According to an article published in the Curriculum Journal, the low attainment of Muslim students is down to a range of factors, including but not limited to:

“over-crowded housing, absence of parental English language skills in some Muslim communities, low levels of parental engagement with mainstream schools, low teacher expectations, racism, and anti-Muslim prejudice.”

These reports give us an insight into the challenges facing disadvantaged communities, and the divisive techniques being proposed by May are of no help. The segregation in schools as a result of these policies will further facilitate the deterioration of communication, dialogue and understanding, and will accelerate the already rampant Islamophobia.

A study carried out by the Education Policy Institute also had the following key findings:[6]

– No evidence to suggest that overall educational standards in England would be improved by creating additional grammar schools.

– No overall attainment impact of grammar schools, either positive or negative.

– Pupils who are eligible for free school meals (FSM), a proxy for disadvantage, are under-represented in grammar schools.

– No significant positive impact on social mobility.

– An expansion of grammar schools in areas that already have a large number of selective schools could lead to lower gains for grammar school pupils and small attainment losses for those not attending selective schools – losses that will be greatest amongst poor children.

– In comparing high attaining pupils in grammar schools with similar pupils who attend high quality non-selective schools, it was found that there are five times as many high quality non-selective schools as there are grammar schools.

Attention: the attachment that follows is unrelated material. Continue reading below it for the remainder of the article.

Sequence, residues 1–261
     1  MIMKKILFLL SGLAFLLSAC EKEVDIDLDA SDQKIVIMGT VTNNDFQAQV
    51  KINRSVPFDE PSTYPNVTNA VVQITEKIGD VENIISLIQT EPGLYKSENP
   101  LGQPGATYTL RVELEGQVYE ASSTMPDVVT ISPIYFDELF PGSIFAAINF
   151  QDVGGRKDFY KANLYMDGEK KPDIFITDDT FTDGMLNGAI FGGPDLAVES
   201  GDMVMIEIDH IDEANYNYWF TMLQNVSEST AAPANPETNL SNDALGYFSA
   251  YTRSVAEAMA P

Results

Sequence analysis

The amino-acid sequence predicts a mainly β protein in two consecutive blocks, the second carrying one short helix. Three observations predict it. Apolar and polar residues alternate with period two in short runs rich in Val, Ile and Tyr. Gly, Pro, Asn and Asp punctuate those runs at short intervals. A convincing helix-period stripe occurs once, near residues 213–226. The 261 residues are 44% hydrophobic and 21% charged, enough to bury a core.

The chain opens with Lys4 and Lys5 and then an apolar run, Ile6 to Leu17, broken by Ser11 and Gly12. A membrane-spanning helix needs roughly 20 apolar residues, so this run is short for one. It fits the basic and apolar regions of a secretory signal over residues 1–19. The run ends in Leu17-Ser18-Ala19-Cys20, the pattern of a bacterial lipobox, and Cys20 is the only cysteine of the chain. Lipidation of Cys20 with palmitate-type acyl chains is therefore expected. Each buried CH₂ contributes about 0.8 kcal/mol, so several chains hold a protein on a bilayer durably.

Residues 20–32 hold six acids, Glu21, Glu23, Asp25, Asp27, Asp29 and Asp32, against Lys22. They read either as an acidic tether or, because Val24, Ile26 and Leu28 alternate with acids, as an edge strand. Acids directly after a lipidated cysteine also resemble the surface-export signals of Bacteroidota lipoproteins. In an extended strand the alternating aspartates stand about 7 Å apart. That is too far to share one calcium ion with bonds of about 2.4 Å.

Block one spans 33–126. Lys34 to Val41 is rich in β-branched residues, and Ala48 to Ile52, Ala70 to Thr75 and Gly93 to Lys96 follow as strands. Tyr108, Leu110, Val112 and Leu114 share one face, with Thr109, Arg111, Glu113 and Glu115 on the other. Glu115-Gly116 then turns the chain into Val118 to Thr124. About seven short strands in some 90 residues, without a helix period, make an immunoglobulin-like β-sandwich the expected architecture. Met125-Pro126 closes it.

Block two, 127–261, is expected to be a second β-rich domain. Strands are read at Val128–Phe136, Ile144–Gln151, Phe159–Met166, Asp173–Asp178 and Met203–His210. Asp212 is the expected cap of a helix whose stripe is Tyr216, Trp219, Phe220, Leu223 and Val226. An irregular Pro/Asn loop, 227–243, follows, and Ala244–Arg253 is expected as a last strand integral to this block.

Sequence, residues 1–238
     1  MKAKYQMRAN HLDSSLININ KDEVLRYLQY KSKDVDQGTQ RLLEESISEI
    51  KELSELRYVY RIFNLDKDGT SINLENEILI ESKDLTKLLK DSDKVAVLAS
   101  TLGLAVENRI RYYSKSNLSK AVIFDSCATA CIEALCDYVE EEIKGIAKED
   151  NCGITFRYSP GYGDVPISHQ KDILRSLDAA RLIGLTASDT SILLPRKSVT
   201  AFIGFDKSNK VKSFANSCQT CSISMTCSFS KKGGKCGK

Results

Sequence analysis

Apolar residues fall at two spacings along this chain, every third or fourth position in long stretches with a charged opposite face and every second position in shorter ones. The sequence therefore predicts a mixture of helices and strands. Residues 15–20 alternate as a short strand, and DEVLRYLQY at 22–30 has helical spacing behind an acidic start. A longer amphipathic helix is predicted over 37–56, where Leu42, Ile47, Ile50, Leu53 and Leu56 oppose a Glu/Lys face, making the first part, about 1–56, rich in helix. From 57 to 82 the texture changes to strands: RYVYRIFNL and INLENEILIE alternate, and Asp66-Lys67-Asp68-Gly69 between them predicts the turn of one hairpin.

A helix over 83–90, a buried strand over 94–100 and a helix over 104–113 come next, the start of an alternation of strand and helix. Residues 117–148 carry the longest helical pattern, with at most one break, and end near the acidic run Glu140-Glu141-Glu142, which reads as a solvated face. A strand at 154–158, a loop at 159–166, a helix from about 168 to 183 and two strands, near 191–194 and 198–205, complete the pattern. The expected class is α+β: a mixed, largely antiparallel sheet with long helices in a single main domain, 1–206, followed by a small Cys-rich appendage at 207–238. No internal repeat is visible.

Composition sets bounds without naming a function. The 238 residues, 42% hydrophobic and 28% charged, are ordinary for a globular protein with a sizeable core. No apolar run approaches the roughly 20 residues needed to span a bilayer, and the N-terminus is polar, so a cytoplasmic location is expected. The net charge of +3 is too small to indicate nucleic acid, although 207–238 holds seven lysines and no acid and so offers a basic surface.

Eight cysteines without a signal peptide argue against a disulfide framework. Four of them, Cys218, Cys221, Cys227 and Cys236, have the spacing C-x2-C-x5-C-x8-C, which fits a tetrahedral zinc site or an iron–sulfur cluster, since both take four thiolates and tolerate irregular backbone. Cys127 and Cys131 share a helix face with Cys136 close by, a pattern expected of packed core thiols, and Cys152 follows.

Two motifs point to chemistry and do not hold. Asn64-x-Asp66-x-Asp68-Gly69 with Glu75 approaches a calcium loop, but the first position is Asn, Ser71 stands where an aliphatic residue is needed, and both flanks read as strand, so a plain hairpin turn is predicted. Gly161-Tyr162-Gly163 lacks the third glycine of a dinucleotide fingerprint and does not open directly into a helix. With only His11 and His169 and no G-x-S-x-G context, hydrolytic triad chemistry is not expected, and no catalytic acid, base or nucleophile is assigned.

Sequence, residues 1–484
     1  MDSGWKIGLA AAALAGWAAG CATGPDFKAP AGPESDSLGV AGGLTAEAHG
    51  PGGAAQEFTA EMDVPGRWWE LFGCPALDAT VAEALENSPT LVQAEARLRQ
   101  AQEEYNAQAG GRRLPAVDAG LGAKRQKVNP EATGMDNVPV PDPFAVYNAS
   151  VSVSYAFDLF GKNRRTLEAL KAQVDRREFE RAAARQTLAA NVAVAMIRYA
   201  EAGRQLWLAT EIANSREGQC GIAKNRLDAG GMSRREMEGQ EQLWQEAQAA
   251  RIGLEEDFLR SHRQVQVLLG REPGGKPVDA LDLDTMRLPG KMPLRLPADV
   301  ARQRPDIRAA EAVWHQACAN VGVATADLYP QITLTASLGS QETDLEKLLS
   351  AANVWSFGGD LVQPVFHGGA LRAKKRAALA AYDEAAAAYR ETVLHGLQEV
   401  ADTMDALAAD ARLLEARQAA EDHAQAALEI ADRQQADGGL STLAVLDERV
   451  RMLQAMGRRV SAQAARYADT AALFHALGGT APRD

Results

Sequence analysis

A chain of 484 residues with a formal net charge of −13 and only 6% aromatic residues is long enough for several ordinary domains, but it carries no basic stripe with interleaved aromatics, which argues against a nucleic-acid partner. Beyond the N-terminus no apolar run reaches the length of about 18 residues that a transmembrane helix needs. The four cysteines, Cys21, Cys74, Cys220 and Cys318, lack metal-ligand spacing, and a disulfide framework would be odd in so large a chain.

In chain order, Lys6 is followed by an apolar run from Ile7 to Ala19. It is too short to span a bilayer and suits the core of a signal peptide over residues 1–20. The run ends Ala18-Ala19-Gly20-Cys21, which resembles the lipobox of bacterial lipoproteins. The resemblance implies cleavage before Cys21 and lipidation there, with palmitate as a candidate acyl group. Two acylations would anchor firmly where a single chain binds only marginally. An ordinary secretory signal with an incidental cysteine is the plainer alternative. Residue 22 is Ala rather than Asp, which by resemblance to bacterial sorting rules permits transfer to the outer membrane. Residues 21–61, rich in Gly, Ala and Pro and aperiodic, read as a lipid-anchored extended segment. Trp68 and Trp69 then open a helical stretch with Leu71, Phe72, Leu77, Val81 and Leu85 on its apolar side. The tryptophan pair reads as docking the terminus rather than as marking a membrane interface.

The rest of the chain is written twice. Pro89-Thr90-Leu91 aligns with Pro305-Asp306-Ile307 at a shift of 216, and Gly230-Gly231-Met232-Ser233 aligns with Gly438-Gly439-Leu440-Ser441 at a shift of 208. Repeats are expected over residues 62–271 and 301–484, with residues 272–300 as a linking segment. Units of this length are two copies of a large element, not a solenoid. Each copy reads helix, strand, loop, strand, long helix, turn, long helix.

– Other interventions to raise school standards and attainment have proven to be more effective than grammar schools in raising the attainment of disadvantaged pupils. The Labour sponsored academies programme has had a more positive impact on the attainment of disadvantaged pupils compared with the present grammar school system.

And so we can ask, to what extent can grammar schools act as a measure of progress? 

Where does the focus need to be?

Perhaps it is high time we took a leaf or two out of the Finnish book of educational success.

  1. Have comprehensive schools for all.
  2. Have respect for education and learning.
  3. Leave no child behind. Instead of making Education accessible to only 20% of the population, help the ‘average’ students or those with learning difficulties reach the same level as their classmates.
  4. Employ only the highest quality teachers who are compassionate and motivated. In Finland, only 11% of applicants to the teaching profession are accepted.

I strongly implore our current government to re-evaluate and shift their focus to what really needs to be done.

For the sake of social mobility and the economy, it would perhaps be wise to encourage students to go down more technical and vocational pathways, similar to our fellow Finnish educators. Deborah Orr argued in 2015,

“lots of children are more practical. They need to see the reason why they’re learning, and how it will be applied to actual life. England, sniffily, calls this ‘vocational education’, as if it’s some kind of second-rate, semi-spiritual calling, then grumbles away about ‘the skills shortage’ and ‘low productivity’.”

What we also need to do is put more money into resources for schools – this includes prioritising our teachers – goodwill teaching will only go on for so long.

We must ensure that classroom practices shift the focus from equality, to equity, i.e. we need to be fair and context sensitive. We cannot employ zero tolerance disciplinary measures and a one-rule fits all concept across the board. This is particularly harmful to students’ well being and their educational prowess. And above all, we must not further the educational divide. What we need is to strive for exceptional education everywhere.